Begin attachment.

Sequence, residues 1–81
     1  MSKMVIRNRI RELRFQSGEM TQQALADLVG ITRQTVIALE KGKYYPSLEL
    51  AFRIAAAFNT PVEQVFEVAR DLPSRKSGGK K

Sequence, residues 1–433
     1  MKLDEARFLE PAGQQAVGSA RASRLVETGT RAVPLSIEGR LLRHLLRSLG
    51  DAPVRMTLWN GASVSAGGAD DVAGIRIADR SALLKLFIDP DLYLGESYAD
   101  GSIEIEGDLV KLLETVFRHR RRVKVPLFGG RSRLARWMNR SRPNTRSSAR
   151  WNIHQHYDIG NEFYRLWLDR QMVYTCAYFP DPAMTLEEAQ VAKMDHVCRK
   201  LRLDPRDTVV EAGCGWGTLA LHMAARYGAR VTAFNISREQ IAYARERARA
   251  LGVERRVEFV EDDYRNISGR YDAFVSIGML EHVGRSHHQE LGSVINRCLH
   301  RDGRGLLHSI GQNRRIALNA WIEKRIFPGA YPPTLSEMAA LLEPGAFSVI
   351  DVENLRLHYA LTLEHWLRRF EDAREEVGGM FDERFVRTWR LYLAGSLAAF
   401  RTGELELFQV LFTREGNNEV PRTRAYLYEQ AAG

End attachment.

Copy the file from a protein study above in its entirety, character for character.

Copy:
Sequence, residues 1–81
     1  MSKMVIRNRI RELRFQSGEM TQQALADLVG ITRQTVIALE KGKYYPSLEL
    51  AFRIAAAFNT PVEQVFEVAR DLPSRKSGGK K

Sequence, residues 1–433
     1  MKLDEARFLE PAGQQAVGSA RASRLVETGT RAVPLSIEGR LLRHLLRSLG
    51  DAPVRMTLWN GASVSAGGAD DVAGIRIADR SALLKLFIDP DLYLGESYAD
   101  GSIEIEGDLV KLLETVFRHR RRVKVPLFGG RSRLARWMNR SRPNTRSSAR
   151  WNIHQHYDIG NEFYRLWLDR QMVYTCAYFP DPAMTLEEAQ VAKMDHVCRK
   201  LRLDPRDTVV EAGCGWGTLA LHMAARYGAR VTAFNISREQ IAYARERARA
   251  LGVERRVEFV EDDYRNISGR YDAFVSIGML EHVGRSHHQE LGSVINRCLH
   301  RDGRGLLHSI GQNRRIALNA WIEKRIFPGA YPPTLSEMAA LLEPGAFSVI
   351  DVENLRLHYA LTLEHWLRRF EDAREEVGGM FDERFVRTWR LYLAGSLAAF
   401  RTGELELFQV LFTREGNNEV PRTRAYLYEQ AAG